Tuesday, January 11, 2011

"The World Depends On Saying"

Whether it is one little word or an entire speech, the power of language continues to move me.


Last week, I shared the One Little Word concept with my students and asked them to choose words for themselves.  A difficult task for some, but later in the week when I had students create "rationale cards" depicting their words and explaining why they had been chosen, I was reassured that this was a valuable exercise.  Most of them were quite conscientious and sincere as they shared the motivations and hopes that guided their selections.  Words like balance, passion, trust, horizons, courage and explore revealed the vision they have of their 2011, the year they graduate high school and begin to live the lives they have dreamed. Even my principal has joined in the fun.  He wrote about making his OLW choice on his blog and in doing so communicates to my students that words are important, they have power in our lives.  Plus, his kind words for me always give me the courage to keep learning and growing.

The power of language is not always demonstrated through positive circumstances, though. 

The safety of the world depends on your saying ‘no’ to inhumane ideas. Standing up for one’s own integrity makes you no friends. It is costly. Yet defiance of the mob, in the service of that which is right, is one of the highest expressions of courage I know. -- Gabrielle Giffords

These words were spoken by Congresswoman Gabrielle Giffords in her 2009 commencement address to her alma mater (and mine), Scripps College.  I shared them with many of my students on Monday morning following the tragic shooting in Arizona.  What struck me, in addition to the truth of her statement, was that she spoke these words without knowing that in less than a year and a half, her life would be defined by them.  From the Scripps webpage to the news coverage to Twitter, these are the words we keep coming back to for a sense of who Ms. Giffords is. And in this precarious time, as Gabby fights to heal, and the hearts of those who lost loved ones break and begin to heal as well, words continue to be important.  On the Scripps College website, a Letters for Gabby page has been established so that people can send their thoughts to her in a forum that inevitably allows for us all to be encouraged. 


I try to push my students to harness the power of language to represent the truth of who they are.  We need to be careful about the words we choose, but we also need to be willing to put ourselves into words, to communicate with honesty the truth of who we are.  When we do this, we impact others -- we support, we inspire, we matter.



Though the situation is tragic, Gabrielle Giffords's words of conviction have already become woven into the fabric of our country's history.  The One Little Words my students and I have chosen have already become woven into the fabric of our personal histories. Language does that; it lives in us.  It can move an entire nation and a single heart.  Words can keep a woman breathing.  I know.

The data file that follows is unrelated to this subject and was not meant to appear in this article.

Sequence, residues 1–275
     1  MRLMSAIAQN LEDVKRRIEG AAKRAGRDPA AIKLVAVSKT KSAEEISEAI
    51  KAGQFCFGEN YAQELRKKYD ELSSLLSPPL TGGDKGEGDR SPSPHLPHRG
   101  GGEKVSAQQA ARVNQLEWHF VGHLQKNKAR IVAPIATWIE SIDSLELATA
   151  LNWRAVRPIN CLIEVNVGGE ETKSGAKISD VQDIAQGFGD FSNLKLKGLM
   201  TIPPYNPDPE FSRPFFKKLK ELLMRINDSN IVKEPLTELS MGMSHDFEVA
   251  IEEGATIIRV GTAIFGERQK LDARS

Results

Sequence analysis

14 comments:

Carlos Schmidt said...

Hi Mrs. Elliott:

I really like how we are doing this OLW thing. Although I am not a big fan of words because I tend to see the negative and manipulative aspect in them, your activity has increased my appreciation for words and has allowed me to see the good side of words, rather than their manipulative side.

Thank you!

Lauren B. said...

The One Little Word assignment has shown me that words are more than a bunch of letters put together to make a sentence. They have an impact and can imfluence our actions. The word I chose was Faith. As I am entering a new phase of my life called college I am learning that having faith in my future and the decisions I make keeps me from the stress that comes with this transition experience. I want to enjoy the process of awaiting college acceptance letters and the fun activities that come with senior year. Faith in my actions and aspirations for my future is what motivates me to enjoy the ride.

High Ceilings said...

Mrs. Elliott =]

Your the best. Your fresh. That was my word, fresh. To most, fresh is only used to define foods. To me, it can be used to classify a person and their ideas. Someone dressing trendy or hip, while maintaining a souce of independence is fresh. Someone who has interesting, innovative, and easy to understand ideas is fresh. When I call you fresh, I don't mean you are ready to be picked off the apple or orange tree. I am implying that you are a creative individual with the gift of teaching. I learned all of this by the one little word assignment you gave us, and I do not doubt its significance for a second.

Cameron Tagge

Melanie Nadon said...

Mrs. Elliott,

Sometimes, it's just a little terrifying when I think about what words can do. Mitchell Washington did a speech on it last year, your post reminds me of it. Some people don't realize that one sentence can make a person happier than anyone could imagine while another could send someone tumbling into darkness. We, as people, wield a tremendously powerful tool. I am glad that you are helping us explore this idea and learn to control this tool - it helps me grow (and growth is my word!) and understand more of how the world works.

The Other Team said...

This One Little Word assignment has really shown me the impact that English has on our lives. Prior to this, I was unsure about how exactly English was necessary as a class after learning the basics: however, I see now that I was sorely mistaken in this. This assignment has given me a push towards making my own footsteps (my word) towards a better future, and to remember the significance that this assignment had in pushing me on my way.
Byron C

Keana said...